Economic Report Summary: Rising Credit Card Debt, Robust December Retail

by: Tim Iacono

Following is a summary of last week's economic reports. Rising credit card debt and robust retail sales for December highlighted the data - this will likely stoke new inflation fears in the weeks ahead.

For the week, the S&P 500 Index fell rose 1.6 percent to 1,431 and the yield of the 10-year U.S. Treasury note rose 13 basis points to 4.77 percent.

Consumer Credit:
Credit card debt soared in November contributing to the $8.7 billion rise in revolving credit. After falling $1.3 billion in October, overall consumer credit rose $12.4 billion in November, likely an indication that consumers were feeling confident enough during the early holiday season to continue spending, using credit cards to fund purchases as home equity withdrawal wanes. Nonrevolving credit for purposes such as auto loans rose $3.7 billion.

International Trade: The U.S. trade deficit contracted for the third consecutive month, from a revised $58.8 billion in October to $58.2 billion in November. The narrowing was due largely to an increase in exports rather than reduced imports, more civilian aircraft deliveries to international customers being the primary factor. Overall exports rose 0.9 percent while imports increased 0.3 percent.

Prices for crude oil fell from $55.47 per barrel in October to $52.25 per barrel in November, making the increase in the oil trade deficit much smaller than it would otherwise have been. The trade gap with China narrowed $1.5 billion to $24.4 billion per month while the deficit with Japan and OPEC countries narrowed by $0.4 billion and $0.7 billion, respectively. Most of the reversal in recent months is a direct result of lower oil prices and this will provide a boost to fourth quarter GDP.

Retail Sales: The undaunted American consumer is alive and well, at least according to the latest retail sales data. Exceeding expectations, retailers reported an overall sales increase of 0.9 percent in December following a downwardly revised 0.6 percent rise in November. The two most recent months convincingly reverse the trend of the three prior months where sales fell on a month-to-month basis. Excluding automobiles, retail sales gained 1.0 percent in December after a revised gain of 0.7 percent in November.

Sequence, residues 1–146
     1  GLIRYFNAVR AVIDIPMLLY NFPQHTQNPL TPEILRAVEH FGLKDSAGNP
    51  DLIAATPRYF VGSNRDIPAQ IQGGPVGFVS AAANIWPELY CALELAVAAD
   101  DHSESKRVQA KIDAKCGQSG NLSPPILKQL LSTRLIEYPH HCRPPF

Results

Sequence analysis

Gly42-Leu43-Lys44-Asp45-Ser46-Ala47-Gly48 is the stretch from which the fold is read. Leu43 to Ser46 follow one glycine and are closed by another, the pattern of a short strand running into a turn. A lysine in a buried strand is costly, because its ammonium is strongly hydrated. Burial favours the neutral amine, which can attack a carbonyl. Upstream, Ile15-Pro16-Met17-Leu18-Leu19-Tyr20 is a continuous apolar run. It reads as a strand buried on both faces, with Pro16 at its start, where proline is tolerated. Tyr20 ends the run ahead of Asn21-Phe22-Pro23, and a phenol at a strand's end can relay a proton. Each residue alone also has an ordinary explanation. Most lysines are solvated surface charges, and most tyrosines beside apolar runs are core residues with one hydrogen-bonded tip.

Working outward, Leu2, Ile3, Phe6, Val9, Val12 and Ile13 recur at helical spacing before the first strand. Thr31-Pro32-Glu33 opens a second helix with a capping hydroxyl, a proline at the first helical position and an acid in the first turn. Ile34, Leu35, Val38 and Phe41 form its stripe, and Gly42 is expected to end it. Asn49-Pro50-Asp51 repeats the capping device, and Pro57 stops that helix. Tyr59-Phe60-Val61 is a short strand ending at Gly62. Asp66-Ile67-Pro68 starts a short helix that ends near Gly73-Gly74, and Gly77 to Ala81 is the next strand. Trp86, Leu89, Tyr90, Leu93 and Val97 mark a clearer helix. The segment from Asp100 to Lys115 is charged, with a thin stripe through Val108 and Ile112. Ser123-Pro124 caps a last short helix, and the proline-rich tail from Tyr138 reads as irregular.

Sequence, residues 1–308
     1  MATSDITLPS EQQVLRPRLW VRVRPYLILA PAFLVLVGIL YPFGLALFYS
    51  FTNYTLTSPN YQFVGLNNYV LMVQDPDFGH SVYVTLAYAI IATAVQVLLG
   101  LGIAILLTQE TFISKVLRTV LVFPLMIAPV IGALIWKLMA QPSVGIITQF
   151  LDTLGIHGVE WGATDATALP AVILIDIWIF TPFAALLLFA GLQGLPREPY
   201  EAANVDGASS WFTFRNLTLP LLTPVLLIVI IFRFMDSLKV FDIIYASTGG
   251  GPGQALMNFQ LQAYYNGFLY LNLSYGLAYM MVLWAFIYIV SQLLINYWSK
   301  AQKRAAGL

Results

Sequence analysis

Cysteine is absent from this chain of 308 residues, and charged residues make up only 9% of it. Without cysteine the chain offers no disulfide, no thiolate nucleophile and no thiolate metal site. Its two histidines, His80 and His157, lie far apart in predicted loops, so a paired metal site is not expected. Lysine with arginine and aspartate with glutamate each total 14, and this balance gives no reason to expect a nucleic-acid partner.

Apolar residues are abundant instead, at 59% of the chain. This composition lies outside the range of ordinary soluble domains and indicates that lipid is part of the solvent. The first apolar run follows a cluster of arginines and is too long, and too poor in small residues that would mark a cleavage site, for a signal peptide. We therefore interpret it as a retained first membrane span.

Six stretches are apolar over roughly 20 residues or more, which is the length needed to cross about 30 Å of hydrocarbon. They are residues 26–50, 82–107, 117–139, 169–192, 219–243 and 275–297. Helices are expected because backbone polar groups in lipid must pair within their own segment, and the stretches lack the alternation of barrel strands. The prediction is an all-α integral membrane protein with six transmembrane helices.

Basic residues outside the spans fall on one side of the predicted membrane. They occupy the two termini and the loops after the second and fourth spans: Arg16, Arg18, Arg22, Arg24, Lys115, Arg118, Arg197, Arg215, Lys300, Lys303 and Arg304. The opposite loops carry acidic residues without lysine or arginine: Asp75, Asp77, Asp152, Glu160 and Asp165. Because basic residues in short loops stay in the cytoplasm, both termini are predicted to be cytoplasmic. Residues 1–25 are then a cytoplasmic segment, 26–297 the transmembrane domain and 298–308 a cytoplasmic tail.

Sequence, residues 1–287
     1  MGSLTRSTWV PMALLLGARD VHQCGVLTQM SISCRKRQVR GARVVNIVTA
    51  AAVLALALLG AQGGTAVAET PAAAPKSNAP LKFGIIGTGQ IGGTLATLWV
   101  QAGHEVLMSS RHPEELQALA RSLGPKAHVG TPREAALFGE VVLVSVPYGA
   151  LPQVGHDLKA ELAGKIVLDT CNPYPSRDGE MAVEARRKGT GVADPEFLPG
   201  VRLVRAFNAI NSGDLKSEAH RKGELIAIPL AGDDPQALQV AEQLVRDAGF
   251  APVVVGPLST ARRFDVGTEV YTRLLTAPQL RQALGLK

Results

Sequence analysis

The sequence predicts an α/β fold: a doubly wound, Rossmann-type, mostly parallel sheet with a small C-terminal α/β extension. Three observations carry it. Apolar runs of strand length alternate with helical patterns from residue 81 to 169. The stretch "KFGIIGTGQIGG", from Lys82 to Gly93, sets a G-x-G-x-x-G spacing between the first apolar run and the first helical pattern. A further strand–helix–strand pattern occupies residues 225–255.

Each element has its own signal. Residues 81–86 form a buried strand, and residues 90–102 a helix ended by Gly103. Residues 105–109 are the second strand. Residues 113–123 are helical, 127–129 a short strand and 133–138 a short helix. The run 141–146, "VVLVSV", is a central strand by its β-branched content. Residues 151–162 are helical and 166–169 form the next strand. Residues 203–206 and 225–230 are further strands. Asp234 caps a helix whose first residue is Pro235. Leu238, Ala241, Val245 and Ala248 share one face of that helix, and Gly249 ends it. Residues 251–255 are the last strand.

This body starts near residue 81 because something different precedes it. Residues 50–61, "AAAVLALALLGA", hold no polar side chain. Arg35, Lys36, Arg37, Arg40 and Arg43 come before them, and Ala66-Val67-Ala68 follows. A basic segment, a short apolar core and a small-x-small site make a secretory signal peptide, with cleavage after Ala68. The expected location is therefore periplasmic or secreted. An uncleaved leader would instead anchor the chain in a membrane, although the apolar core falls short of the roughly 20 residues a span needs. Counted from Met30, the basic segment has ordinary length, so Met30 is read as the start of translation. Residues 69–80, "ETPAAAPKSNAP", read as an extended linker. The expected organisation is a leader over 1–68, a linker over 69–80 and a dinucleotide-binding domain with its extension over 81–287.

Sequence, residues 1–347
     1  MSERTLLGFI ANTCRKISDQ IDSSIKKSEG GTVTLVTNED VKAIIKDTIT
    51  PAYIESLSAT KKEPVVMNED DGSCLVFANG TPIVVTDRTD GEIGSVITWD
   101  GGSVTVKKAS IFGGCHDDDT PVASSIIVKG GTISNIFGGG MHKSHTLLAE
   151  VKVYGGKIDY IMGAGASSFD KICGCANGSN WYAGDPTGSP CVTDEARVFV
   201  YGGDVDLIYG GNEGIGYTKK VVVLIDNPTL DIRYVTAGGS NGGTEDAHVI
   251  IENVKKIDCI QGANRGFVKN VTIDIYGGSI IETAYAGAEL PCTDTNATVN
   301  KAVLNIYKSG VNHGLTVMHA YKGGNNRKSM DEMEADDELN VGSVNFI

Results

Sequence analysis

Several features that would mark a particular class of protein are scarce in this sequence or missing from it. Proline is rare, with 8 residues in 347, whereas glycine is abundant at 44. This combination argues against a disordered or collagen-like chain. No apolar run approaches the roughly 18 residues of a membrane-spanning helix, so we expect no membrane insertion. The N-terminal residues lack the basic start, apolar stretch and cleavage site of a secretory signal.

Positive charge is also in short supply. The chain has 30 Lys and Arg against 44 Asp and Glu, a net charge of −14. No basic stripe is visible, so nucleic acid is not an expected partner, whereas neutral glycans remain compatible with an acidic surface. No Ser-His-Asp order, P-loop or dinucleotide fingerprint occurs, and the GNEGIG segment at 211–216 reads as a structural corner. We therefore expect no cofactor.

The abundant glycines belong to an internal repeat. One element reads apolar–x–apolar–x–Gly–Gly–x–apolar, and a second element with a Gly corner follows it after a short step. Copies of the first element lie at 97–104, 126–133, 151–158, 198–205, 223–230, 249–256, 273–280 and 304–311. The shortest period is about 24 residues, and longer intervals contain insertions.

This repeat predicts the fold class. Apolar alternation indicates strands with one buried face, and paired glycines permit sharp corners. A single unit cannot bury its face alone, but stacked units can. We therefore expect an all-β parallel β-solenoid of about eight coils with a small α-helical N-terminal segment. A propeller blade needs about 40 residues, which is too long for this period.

Strength in retail sales was broad based. One of the few categories losing ground was building materials which fell 1.1 percent, a result of a slowing housing market. Gains were paced by gasoline station sales and electronics, both up over three percent - rising prices at the pump were responsible for the former, however, this will be reversed in the months ahead as gasoline prices fall. On a year-over-year basis, overall retail sales were up 5.4 percent, once again exceeding wage gains over the last year, the difference being made up via new credit.

Import and Export Prices:
Both import and export prices rose sharply in December, the rise in import prices largely due to a temporary rise in oil prices during the reporting period that ended in mid-December (note that the international trade report above in which falling oil prices were reported is a month behind most other reports). As oil imports are a very large component of total imports, the January report should show a hefty price decline.

The 0.7 percent increase in export prices was the largest monthly increase in nearly two decades, largely a result of higher prices for agricultural products. Prices for commodities such as corn and wheat have been rising rapidly in recent months and this is now showing up in the export data.

Summary: Higher consumer spending enabled in part by increased credit card debt has once again proved the old axiom, "Never count out the American consumer". The latest reports show that consumers are turning away from home equity withdrawal and are back to using credit cards after a long period of low credit card spending. What appeared to be capitulation during the months of August, September, and October was reversed in a big way over the last two months casting new doubt on whether a consumer led economic slowdown is in the cards for 2007.

The Week Ahead

Economic news in the week ahead will be highlighted by two inflation reports - producer prices on Wednesday and consumer prices on Thursday. Other reports include industrial production on Wednesday, housing starts and the Conference Board's index of leading economic indicators on Thursday, along with consumer sentiment on Friday.

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